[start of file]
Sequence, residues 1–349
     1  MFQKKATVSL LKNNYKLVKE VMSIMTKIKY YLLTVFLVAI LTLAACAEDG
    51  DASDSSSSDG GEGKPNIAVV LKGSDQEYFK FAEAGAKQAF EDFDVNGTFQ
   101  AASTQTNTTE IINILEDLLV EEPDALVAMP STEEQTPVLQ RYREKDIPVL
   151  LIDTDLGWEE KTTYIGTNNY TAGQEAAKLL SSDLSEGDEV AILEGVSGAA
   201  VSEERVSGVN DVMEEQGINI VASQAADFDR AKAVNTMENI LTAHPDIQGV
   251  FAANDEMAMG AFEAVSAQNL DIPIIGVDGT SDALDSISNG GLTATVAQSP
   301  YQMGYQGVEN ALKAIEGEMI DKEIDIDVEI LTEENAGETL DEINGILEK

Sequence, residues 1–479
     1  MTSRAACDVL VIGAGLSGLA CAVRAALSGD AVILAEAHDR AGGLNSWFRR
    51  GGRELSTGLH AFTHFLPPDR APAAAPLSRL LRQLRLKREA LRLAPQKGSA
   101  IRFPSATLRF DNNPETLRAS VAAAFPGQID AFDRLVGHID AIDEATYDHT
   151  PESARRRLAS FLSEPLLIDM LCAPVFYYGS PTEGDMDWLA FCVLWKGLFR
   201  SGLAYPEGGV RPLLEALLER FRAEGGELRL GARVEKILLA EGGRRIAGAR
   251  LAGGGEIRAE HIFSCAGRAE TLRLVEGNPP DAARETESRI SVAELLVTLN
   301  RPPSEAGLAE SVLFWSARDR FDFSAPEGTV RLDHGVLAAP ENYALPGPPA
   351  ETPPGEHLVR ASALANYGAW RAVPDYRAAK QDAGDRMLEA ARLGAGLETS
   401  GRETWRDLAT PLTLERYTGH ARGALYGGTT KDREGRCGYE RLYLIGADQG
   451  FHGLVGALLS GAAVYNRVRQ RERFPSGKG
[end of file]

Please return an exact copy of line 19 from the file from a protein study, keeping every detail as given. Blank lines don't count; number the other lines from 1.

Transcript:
   451  FHGLVGALLS GAAVYNRVRQ RERFPSGKG